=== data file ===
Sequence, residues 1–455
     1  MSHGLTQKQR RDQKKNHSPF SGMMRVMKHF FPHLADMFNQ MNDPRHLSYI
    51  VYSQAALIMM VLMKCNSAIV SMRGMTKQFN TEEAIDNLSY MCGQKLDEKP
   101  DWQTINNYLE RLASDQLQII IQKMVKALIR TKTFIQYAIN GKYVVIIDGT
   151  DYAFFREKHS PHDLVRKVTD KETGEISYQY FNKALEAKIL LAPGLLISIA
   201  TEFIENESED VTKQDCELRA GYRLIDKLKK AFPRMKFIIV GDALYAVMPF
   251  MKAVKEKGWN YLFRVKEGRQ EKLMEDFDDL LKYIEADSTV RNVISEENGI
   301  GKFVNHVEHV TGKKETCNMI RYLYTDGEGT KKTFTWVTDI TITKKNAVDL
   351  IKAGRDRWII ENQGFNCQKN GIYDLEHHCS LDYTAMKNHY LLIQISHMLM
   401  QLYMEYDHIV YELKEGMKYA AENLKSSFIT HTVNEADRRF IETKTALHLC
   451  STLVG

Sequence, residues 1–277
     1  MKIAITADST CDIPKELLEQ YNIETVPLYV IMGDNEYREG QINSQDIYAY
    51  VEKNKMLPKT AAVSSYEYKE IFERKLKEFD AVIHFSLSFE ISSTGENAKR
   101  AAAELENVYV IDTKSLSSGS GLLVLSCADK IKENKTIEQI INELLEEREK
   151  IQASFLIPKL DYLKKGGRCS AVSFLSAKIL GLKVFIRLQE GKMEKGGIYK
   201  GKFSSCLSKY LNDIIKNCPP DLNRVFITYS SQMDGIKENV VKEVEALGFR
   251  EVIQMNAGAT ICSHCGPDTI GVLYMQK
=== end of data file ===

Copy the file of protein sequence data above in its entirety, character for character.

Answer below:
Sequence, residues 1–455
     1  MSHGLTQKQR RDQKKNHSPF SGMMRVMKHF FPHLADMFNQ MNDPRHLSYI
    51  VYSQAALIMM VLMKCNSAIV SMRGMTKQFN TEEAIDNLSY MCGQKLDEKP
   101  DWQTINNYLE RLASDQLQII IQKMVKALIR TKTFIQYAIN GKYVVIIDGT
   151  DYAFFREKHS PHDLVRKVTD KETGEISYQY FNKALEAKIL LAPGLLISIA
   201  TEFIENESED VTKQDCELRA GYRLIDKLKK AFPRMKFIIV GDALYAVMPF
   251  MKAVKEKGWN YLFRVKEGRQ EKLMEDFDDL LKYIEADSTV RNVISEENGI
   301  GKFVNHVEHV TGKKETCNMI RYLYTDGEGT KKTFTWVTDI TITKKNAVDL
   351  IKAGRDRWII ENQGFNCQKN GIYDLEHHCS LDYTAMKNHY LLIQISHMLM
   401  QLYMEYDHIV YELKEGMKYA AENLKSSFIT HTVNEADRRF IETKTALHLC
   451  STLVG

Sequence, residues 1–277
     1  MKIAITADST CDIPKELLEQ YNIETVPLYV IMGDNEYREG QINSQDIYAY
    51  VEKNKMLPKT AAVSSYEYKE IFERKLKEFD AVIHFSLSFE ISSTGENAKR
   101  AAAELENVYV IDTKSLSSGS GLLVLSCADK IKENKTIEQI INELLEEREK
   151  IQASFLIPKL DYLKKGGRCS AVSFLSAKIL GLKVFIRLQE GKMEKGGIYK
   201  GKFSSCLSKY LNDIIKNCPP DLNRVFITYS SQMDGIKENV VKEVEALGFR
   251  EVIQMNAGAT ICSHCGPDTI GVLYMQK